We began at the back and worked our way forward, climbing up the crumbling stairs and wandering past the long corridors, towers and courtyards of the central building. Many of the walls of the temple were intricately decorated and one of the most impressive of these is a huge bas-relief frieze in the Eastern gallery. This intricate section of carving depicts the ‘Churning of the Sea of Milk’ – a scene in which 92 Asura deities and 88 Deva deities use the serpent Vasuki to churn the sea under the Hindu god Vishnu’s instruction. Bizarre but very beautiful, it looked somewhat akin to a very strange game of tug-a-war.
The sun grew higher and everything started to get a lot hotter, so after a little over an hour of wandering through the temple it was time to move on. We walked back out over the moat to find our embellished denim jacket wearing tuk tuk driver waiting to take us to our next stop – the Temple of Bayon.
This temple was built a little later then Angkor Wat and is renowned for the multitude of gigantic tranquil stone faces featured on the peaks of its many towers that surround the upper terrace and central peak of the structure.
The faces were indeed impressive but we happened to arrive at the same time as a massive tour group all kitted up in matching awkward hats, so it was all feeling a little crowded and I was glad to move on to the next place rather quickly!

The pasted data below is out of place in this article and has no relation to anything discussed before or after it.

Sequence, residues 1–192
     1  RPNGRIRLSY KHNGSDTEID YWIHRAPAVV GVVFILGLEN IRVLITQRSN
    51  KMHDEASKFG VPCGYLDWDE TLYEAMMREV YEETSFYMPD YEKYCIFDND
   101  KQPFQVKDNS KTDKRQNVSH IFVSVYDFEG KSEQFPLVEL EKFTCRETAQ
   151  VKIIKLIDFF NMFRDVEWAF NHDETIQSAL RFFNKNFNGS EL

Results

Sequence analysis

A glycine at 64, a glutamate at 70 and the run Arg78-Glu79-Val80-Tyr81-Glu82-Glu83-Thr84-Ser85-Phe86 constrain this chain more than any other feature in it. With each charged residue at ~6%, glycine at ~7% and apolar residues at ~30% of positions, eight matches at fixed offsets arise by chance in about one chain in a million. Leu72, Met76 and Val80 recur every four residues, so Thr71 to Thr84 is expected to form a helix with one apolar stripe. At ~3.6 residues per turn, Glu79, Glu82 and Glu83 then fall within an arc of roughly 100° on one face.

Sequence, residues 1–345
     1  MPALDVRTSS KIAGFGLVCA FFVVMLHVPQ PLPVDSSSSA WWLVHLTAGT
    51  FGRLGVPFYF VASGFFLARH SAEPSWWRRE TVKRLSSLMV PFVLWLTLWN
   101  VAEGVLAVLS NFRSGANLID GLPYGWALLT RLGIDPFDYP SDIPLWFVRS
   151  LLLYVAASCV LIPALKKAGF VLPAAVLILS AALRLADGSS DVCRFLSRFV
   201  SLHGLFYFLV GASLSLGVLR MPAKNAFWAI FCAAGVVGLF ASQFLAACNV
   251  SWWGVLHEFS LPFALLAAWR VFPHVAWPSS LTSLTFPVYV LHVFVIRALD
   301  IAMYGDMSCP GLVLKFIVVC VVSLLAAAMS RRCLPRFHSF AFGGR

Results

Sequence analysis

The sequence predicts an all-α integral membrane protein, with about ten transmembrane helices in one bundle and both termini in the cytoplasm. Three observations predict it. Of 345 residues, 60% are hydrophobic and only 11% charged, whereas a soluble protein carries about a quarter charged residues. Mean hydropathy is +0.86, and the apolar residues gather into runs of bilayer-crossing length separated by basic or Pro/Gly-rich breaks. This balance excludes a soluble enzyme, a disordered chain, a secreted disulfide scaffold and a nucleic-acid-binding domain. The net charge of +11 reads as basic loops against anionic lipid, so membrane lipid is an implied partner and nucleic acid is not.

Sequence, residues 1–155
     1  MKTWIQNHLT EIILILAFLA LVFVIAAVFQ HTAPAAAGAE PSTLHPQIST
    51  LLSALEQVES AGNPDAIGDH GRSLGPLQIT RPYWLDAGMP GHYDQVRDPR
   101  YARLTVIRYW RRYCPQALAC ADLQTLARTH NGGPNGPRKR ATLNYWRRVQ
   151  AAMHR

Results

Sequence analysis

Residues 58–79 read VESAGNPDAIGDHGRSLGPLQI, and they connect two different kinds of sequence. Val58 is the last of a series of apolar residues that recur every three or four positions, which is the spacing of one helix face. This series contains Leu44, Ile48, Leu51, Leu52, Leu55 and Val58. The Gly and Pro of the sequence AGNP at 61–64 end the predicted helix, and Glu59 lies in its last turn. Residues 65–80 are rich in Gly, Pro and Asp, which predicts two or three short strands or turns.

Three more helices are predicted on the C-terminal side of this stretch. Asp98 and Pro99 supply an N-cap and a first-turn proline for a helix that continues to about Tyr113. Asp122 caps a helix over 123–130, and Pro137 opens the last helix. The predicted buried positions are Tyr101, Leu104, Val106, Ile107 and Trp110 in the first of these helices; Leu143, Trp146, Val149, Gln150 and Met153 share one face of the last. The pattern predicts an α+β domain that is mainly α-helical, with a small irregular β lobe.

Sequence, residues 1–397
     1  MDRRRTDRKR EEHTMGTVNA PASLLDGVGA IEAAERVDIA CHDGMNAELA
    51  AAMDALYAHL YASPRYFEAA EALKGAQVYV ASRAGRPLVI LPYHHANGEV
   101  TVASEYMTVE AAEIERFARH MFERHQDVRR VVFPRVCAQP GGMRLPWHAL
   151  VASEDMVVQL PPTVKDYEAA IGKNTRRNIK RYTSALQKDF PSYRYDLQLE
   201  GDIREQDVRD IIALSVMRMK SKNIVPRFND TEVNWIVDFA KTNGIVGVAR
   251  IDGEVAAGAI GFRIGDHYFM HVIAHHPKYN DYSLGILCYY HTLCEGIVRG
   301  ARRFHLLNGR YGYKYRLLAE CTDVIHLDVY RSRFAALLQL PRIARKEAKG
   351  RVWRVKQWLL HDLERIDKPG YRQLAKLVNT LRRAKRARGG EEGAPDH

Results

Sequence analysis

The day continued in a similar fashion with our trusty driver motoring us from temple to temple, allowing us to jump off, explore and fend off the swarm of little ladies trying to sell us soft drinks before returning and setting off for the next place.
One of the absolute highlights of the day was our visit to Ta Prohm – informally known as the ‘Tomb Raider’ or ‘Indian Jones’ temple. The fact that we visited Ta Prohm rather late in the day when I was hot and bothered and suffering from a slight case of ‘temple-fatigue’ – and I still loved it – is a testament to the fascinating and unique nature of the place. A number of scenes from Tomb Raider were actually filmed here and as I wandered through the temple’s grounds I could easily see why the film chose to feature this magical location.
The overall impression of the jungle taking over the ancient buildings was remarkable. Strangler figs almost completely covered the stone walls, silk cotton trees burst through the ceilings of crumbling rooms and thick and wiry tree roots wound their through the rubble at every corner I turned.
Although it was crowded we still managed to somehow escape to a section that was virtually deserted so it was easy to imagine how the dare-devil explorers must have felt when they discovered abandoned temples such as this for the first time.
Eventually it came time for us to jump back on to the tuk tuk for the final time and we began to wizz our way back past some of the many temples we had had the chance to explore on the way back to the main road.
There was only time for one fleeting final glimpse of the towers of Angkor Wat before we turned a corner and left the spectacular sites (and the hordes of tourists) of Angkor Archaeological Park behind us.
What a day!